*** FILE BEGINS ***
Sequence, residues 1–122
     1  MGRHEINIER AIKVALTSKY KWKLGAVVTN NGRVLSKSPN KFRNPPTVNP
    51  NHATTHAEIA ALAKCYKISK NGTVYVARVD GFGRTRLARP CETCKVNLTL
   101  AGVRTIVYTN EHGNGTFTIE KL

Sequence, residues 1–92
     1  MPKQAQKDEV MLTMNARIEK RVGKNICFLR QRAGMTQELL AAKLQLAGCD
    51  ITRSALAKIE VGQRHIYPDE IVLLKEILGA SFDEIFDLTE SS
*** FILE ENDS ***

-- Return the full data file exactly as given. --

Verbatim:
Sequence, residues 1–122
     1  MGRHEINIER AIKVALTSKY KWKLGAVVTN NGRVLSKSPN KFRNPPTVNP
    51  NHATTHAEIA ALAKCYKISK NGTVYVARVD GFGRTRLARP CETCKVNLTL
   101  AGVRTIVYTN EHGNGTFTIE KL

Sequence, residues 1–92
     1  MPKQAQKDEV MLTMNARIEK RVGKNICFLR QRAGMTQELL AAKLQLAGCD
    51  ITRSALAKIE VGQRHIYPDE IVLLKEILGA SFDEIFDLTE SS